I am not suggesting that legitimate anonymous sources don’t exist and that journalists should not use them. I am saying that the majority of a journalist’s reporting on a given subject shouldn’t be based on them (don’t hit me here with Watergate–that was one story, not 18 months’ worth of different stories). After a while, the lack of on-the-record sourcing becomes nothing more than the journalistic version of a nosy neighbor who loves telling you what she overheard so-and-so say.
Perhaps my sensitivity to this is higher because I consume so much news every day. That doesn’t make me wrong though.
It has gotten to the point that I can spot the anonymously sourced stories just from the tweets promoting them, even if, as is the case with the ABC News story linked earlier, the headline is presented as fact. If there is no accompanying video and the story seems like something that anyone at CNN would desperately want to be true, there is nobody on the record to back it up.
If you spend even a day reading several of these stories you get the feel for the formula pretty quickly. There are enough qualifying word and phrases (“allegedly,” “according to,” “seemed,” “a source close to”) to make you wonder if the source really does exist or if everyone in Beltway media just stays in bed all day guzzling boxed wine and making things up.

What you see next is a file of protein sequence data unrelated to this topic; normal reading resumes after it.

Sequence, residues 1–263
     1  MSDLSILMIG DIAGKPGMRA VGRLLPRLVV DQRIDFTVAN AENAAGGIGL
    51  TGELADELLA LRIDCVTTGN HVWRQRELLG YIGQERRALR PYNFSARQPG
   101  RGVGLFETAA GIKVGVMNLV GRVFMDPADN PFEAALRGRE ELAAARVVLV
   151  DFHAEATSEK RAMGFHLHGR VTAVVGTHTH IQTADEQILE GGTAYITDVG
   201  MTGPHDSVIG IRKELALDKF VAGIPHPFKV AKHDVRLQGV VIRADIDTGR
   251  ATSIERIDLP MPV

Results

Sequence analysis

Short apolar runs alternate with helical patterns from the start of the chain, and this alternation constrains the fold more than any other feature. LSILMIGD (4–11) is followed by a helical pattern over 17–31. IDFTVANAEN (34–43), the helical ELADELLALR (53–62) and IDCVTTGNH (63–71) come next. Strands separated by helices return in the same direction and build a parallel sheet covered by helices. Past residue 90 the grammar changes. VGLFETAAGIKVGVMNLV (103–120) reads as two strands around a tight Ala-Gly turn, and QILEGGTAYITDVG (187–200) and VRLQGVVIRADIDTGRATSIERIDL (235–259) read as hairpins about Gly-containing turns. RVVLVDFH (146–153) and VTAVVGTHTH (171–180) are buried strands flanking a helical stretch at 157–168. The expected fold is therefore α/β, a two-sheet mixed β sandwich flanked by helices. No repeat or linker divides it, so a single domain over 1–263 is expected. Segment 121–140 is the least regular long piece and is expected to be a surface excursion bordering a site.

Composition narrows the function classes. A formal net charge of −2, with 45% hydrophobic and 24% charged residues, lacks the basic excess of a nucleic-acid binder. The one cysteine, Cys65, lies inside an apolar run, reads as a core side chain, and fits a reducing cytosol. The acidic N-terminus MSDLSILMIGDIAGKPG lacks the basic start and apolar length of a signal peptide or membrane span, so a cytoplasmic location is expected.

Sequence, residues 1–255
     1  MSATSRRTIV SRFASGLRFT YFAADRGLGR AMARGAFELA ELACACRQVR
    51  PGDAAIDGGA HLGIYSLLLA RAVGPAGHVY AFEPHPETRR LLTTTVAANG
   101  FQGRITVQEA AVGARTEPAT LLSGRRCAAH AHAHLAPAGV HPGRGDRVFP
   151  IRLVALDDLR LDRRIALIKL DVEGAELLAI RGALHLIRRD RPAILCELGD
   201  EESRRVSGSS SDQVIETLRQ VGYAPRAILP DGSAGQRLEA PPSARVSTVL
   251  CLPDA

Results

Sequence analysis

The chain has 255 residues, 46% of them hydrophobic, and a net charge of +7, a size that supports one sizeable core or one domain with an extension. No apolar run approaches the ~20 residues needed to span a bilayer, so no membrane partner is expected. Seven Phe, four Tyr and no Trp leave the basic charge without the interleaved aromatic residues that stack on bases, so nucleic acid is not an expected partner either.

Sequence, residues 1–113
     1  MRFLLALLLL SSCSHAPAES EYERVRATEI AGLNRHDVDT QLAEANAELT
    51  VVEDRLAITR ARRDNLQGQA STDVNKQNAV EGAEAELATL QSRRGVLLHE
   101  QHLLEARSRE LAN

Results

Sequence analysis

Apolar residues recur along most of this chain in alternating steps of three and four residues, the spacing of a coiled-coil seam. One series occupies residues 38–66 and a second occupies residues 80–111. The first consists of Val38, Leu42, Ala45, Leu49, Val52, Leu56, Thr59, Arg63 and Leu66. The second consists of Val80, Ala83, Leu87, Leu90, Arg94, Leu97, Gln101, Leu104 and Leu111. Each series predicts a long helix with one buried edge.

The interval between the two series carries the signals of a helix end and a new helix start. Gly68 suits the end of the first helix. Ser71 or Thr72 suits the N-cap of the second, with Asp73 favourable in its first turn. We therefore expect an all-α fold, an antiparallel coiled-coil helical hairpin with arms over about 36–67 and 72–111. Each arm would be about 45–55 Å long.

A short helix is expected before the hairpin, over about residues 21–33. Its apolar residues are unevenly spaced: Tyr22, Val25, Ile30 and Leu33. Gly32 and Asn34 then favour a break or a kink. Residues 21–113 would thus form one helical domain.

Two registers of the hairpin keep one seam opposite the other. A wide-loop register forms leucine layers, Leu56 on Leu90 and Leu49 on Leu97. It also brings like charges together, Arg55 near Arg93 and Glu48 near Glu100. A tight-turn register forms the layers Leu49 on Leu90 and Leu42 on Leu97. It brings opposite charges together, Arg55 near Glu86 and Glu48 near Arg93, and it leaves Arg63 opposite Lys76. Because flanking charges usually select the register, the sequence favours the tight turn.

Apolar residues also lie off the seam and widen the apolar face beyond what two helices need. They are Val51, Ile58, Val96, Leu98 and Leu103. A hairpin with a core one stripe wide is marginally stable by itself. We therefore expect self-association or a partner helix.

I’m not saying that I know of any drunk reporters but I may have a source close to someone who allegedly heard of an insider who seemed to have said that. One time. Maybe.
Speaking of facts (we were a few paragraphs ago), here is what we do have on the record as of this writing:
Following the release of the report, Nielsen said in a statement that Trump “is rightly frustrated” on border security issues.
“I share his frustration,” Nielsen’s statement said. “Border security is the most basic and necessary responsibility of a sovereign nation.”
A Homeland Security spokesperson later denied the claims made in The Times’s report: “The [New York Times] article alleging that the Secretary drafted a resignation letter yesterday and was close to resigning is false,” spokesperson Tyler Houlton said. “The Secretary is hard at work today on the President’s security-focused agenda.”
That rather puts a damper on the story.
Not to worry, this particular article ran on for several paragraphs after these two quotes as if they never happened, reinforcing the original narrative.
They are probably buying the boxed wine in bulk. I’m sure ABC has a Costco card.
As I never discount any possibility these days, I realize that Nielsen may resign or be fired before lunch time tomorrow. The Friday News Dump is coming up, after all.
Should that happen, it will be an anomaly. There will then be at least three more BIG STORIES before tomorrow night that use the template I have outlined here.
People like me who complain about the press aren’t anti-journalism. We are anti-feelings and opinions being dressed up as reporting.
It’s the difference between telling a story and storytelling.
The MSM seems a little fuzzy on that these days.